Five reasons why membership is killing association business models: Part II

Membership is perhaps the most sacred tenet in all of association orthodoxy. Indeed, for many organizations, the membership imperative defines the very existence of the association: membership is who they are and what they do. In a time of relentless societal transformation, however, the impact of forces beyond our control makes it necessary for us to question all of our most deep-seated beliefs, including our beliefs about membership.

In this three-part series, I am sharing five critical reasons why the continued emphasis on membership is “killing” association business models. If you have not done so already, I recommend you read Part I. Please share your ideas and insights in the comments below.

Reason #3: Membership-centric business models often depend on cross-subsidies that create unintended consequences.

Most association business models operate on a “two-sided market” pattern in which one side of the market (the membership) receives a subsidized value offer, with the subsidy coming from the more robust revenue streams provided by the second side of the market, typically advertisers, exhibitors and sponsors. The value to the second side of the market is the ability to access the qualified buyers on the first side of the market. For associations, the unintended consequences of this business model pattern can include: 1) a dependence on revenue streams from third parties facing their own financial pressures and constraints, 2) a focus on increasing membership to maintain the viability of the two-sided market, rather than investing in innovation to generate organic revenue growth and 3) the inability to reduce the cost of the hybrid value delivery platform (part digital but also part physical and in-person) most associations still use today.

NEW DESIGN APPROACH: The problem is not the two-sided market pattern itself, but whether it remains a viable option for associations in combination with the traditional membership value proposition. Many associations are struggling to grow their memberships, while many third-party financial supporters are bypassing associations by establishing direct relationships with buyers and influencers using more cost-effective social and mobile platforms. The priority for associations, then, is to design business models that can generate meaningful revenue streams based on the creation of new value with transformative potential for their future stakeholders.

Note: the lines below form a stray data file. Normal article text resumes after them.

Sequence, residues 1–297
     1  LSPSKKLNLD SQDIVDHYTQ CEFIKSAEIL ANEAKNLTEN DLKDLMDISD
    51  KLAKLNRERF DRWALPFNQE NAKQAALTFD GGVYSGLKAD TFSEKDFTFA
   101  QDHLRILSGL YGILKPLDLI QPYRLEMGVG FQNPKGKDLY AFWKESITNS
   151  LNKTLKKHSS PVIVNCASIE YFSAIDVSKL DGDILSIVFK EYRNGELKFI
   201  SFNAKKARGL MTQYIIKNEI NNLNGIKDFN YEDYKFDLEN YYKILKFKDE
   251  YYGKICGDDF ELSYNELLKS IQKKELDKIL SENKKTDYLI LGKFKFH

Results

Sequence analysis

Reason #4: Membership-centric business models ask members to make the most important decisions about new value creation.

For decades, nearly all key business decisions about women’s products and services were made in corporate boardrooms populated almost entirely by men. Similarly, in associations, a relatively small number of leaders who are personally and professionally invested in the membership paradigm make virtually all critical decisions about the new value their organizations will (or will not) create for the larger markets they are trying to serve. In the absence of 100% penetration into those markets, associations may lose access to current and future stakeholders unmoved by the membership value proposition.

NEW DESIGN APPROACH: To address this issue and engage the ideas, insights and passions of a more diverse set of contributors, especially stakeholders who are outside the traditional boundaries of their organizations, associations need a rapid learning approach to strategy-making, such as crowdsourcing. Through the crowdsourcing of strategy, associations can establish meaningful connections with potential stakeholder segments, identify serendipitous opportunities for collaboration and experimentation and surface hidden assets for innovation. Crowdsourcing strategy will help challenge leadership assumptions around new value creation, shorten learning curves for taking action and facilitate the design of more adaptive and resilient business models that do not depend on membership.

Part III with Reason #5, as well as some closing thoughts, will be published next week. In the meantime, sign up today for P.I.’s new Serious Questions electronic newsletter!

Jeff De Cagna

Jeff De Cagna is chief strategist and founder of Principled Innovation LLC, and a contrarian thinker on strategy, business models, governing and the future of associations.

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